The Bookmaking Habits of Select Species

[Feature image: Marginal illumination of an ursine scribe from the Bohun Psalter and Hours] Last year, a member of the first edition of the Technotexts seminar, Suzanna Hersey, encouraged me to read Ken Liu’s Paper Menagerie, and she was especially keen to see what I’d make of the collection’s opening story, “The Bookmaking Habits of Select Species.” I have now used it as the final reading (more on this in a moment) of Technotexts 2.0. It’s actually a bit of a stretch to call “Bookmaking Habits” a “story,” though: it’s…

Hedghoggery

Readers of Booktrades haven’t received a new dispatch from the front matter in a while due to the efforts of the booktrader and his associates in other related quarters, including labors to make books by hand and a separate website in which to celebrate (and maybe sell a few of) those craftings. New material for this blog is, in fact, underway. In the meantime, Booktrades encourages readers to pick up a copy, paper or digital, of the new issue of The Hedgehog Review. The booktrader has two pieces in the…

Computer Poems; Or, Back to Applesoft Basic

[Lisa Hemphill’s “Self-Reflexive No. 2” {No. 1 of 2}, see below for the code] As mentioned in earlier post, my recent reading has yielded a fresh understanding of the paper components of bpNichol’s First Screening. My teaching, meanwhile, has given me a delightful opportunity to return to the screenic side of the work. Students in my now-running “Literature of the Digital Age” course read Nichol’s and Geof Huth’s early experiments with what Nichol called “computer poems” alongside examples of print visual poetry from recent decades in order to trace one…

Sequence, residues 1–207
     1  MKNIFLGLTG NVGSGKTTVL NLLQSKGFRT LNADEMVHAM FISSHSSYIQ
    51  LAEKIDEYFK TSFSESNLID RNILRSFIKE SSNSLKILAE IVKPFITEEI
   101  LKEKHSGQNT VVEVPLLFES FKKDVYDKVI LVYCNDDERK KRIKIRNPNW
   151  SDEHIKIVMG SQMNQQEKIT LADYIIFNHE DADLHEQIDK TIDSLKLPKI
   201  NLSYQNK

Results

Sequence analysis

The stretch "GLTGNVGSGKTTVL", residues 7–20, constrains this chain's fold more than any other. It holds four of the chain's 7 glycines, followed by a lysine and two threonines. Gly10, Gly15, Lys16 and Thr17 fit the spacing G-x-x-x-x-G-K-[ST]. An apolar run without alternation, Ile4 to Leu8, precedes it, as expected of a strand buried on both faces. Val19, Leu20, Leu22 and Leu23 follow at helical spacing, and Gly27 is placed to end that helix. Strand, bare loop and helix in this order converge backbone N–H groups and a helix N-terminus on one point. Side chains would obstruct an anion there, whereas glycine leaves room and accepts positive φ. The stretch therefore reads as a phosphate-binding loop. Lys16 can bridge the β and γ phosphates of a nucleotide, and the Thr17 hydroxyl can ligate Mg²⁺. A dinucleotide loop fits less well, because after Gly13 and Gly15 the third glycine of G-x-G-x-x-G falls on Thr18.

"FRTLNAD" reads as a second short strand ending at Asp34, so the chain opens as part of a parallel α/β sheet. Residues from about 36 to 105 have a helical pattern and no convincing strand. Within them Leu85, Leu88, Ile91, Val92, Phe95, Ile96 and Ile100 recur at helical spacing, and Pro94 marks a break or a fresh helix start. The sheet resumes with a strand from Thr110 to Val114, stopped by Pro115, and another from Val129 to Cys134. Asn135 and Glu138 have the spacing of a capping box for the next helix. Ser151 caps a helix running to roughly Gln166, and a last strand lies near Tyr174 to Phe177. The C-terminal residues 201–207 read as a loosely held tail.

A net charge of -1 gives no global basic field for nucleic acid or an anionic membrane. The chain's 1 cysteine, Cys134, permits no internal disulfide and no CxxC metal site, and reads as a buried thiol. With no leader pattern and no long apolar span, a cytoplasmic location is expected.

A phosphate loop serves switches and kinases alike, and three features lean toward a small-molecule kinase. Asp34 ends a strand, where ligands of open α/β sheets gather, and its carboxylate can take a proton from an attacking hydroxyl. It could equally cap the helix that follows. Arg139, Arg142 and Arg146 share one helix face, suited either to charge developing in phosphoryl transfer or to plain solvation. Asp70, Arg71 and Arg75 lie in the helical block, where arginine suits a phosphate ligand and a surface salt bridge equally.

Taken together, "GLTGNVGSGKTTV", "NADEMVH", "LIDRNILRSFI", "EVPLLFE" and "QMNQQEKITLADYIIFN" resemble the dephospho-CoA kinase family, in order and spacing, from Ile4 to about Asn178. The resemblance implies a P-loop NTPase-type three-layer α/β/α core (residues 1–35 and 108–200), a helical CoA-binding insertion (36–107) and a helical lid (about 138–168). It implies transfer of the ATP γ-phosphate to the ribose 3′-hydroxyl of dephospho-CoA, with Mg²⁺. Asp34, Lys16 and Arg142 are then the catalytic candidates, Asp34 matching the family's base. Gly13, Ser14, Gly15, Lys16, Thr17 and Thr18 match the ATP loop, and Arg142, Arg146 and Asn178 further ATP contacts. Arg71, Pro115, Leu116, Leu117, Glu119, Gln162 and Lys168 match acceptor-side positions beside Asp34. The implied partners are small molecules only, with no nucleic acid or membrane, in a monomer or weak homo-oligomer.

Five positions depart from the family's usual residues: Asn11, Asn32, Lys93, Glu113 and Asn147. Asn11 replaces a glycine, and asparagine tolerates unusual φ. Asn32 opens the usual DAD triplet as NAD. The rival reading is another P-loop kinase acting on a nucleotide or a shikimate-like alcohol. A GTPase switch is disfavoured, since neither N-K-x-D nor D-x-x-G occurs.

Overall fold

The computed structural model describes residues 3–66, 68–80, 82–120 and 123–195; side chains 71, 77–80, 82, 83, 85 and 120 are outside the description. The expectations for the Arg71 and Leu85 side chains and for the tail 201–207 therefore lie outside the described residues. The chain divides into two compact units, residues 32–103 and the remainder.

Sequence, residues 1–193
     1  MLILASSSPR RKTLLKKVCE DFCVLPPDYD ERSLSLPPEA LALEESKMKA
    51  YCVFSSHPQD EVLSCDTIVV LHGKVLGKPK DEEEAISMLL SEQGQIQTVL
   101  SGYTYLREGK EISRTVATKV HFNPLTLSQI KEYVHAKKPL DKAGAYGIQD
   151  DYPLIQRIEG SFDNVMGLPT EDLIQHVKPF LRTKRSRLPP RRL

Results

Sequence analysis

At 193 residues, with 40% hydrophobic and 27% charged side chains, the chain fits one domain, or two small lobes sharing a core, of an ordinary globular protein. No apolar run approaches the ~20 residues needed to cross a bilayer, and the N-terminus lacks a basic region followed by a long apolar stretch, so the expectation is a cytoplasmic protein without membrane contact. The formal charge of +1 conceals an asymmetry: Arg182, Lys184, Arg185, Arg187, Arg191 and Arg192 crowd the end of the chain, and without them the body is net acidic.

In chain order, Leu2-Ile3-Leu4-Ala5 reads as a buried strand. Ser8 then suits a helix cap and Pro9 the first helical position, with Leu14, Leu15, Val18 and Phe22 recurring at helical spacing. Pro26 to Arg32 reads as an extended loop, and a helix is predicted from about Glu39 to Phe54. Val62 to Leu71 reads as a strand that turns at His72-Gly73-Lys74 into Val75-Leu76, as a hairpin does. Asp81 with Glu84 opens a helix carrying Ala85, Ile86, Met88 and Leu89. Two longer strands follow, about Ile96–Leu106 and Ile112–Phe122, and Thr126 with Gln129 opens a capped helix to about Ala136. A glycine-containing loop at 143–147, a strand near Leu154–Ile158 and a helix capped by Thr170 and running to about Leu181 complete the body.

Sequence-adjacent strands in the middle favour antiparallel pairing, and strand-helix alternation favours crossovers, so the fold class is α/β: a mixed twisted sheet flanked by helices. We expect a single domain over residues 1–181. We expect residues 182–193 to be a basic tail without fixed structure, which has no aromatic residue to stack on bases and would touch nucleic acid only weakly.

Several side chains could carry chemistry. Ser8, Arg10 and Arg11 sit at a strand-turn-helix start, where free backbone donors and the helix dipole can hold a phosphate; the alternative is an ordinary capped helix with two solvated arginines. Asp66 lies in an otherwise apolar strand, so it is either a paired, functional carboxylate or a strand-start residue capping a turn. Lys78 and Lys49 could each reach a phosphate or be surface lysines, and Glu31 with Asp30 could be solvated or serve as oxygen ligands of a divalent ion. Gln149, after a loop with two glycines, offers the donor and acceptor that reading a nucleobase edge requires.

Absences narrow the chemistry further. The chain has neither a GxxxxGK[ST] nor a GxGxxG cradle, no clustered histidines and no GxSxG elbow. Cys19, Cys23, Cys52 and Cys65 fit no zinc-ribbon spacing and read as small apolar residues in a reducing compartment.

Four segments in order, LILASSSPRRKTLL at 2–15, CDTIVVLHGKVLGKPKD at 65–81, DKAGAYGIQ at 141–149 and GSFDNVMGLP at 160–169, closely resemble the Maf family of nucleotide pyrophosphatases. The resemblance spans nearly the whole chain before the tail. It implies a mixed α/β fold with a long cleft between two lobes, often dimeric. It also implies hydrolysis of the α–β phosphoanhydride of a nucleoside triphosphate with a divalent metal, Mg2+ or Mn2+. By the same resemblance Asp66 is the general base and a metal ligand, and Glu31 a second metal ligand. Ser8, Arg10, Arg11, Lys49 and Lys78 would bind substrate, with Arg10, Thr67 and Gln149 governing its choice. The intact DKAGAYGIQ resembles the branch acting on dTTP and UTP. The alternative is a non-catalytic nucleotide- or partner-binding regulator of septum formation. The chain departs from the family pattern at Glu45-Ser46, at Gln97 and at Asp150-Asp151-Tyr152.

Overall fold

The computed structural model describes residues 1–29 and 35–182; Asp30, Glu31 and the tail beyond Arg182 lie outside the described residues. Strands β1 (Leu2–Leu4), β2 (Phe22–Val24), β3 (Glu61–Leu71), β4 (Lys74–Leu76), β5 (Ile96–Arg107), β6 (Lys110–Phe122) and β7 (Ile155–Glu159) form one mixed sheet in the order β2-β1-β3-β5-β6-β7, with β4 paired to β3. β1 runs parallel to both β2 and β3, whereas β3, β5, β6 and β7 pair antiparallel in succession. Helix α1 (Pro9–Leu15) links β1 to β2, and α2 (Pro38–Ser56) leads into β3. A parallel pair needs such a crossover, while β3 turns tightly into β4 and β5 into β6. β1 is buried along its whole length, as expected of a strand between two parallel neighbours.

From (M)App to Print (Part 1)

[Featured image: Screenshot of the Amazon UK rendering of the Faber & Faber codex version.] In an earlier post on The Silent History, I discussed the “remediation” of a digital work into print. We are now accustomed to thinking that the traffic always flows in the opposite direction–that the Internet is quickly hoovering up the entirety of our print (and chirographic for that matter) inheritance. Thus, we can easily overlook the opposite scenario: when the “born digital” is “reborn print.”¬† (I have in mind here digitalia that’s born on software…

William Trevor and the (Modernist) Work of Revision

[Image: Manuscript of William Trevor’s “In Love with Ariadne,” available on the Paris Review website here.] In her wonderful The Work of Revision, Hannah Sullivan tracks the ways that Modernist writers–Henry James, Pound, Eliot, Woolf, Auden–changed their works, arguing in turn that revision should be counted among the chief Modernist virtues. (If you, dear reader, aren’t familiar with the book, I’d urge you read my friend Alan’s insightful review for the now, alas, defunct¬†Books and Culture.) Sullivan ably maps the new ecology of inscription technologies emerging as the twentieth century…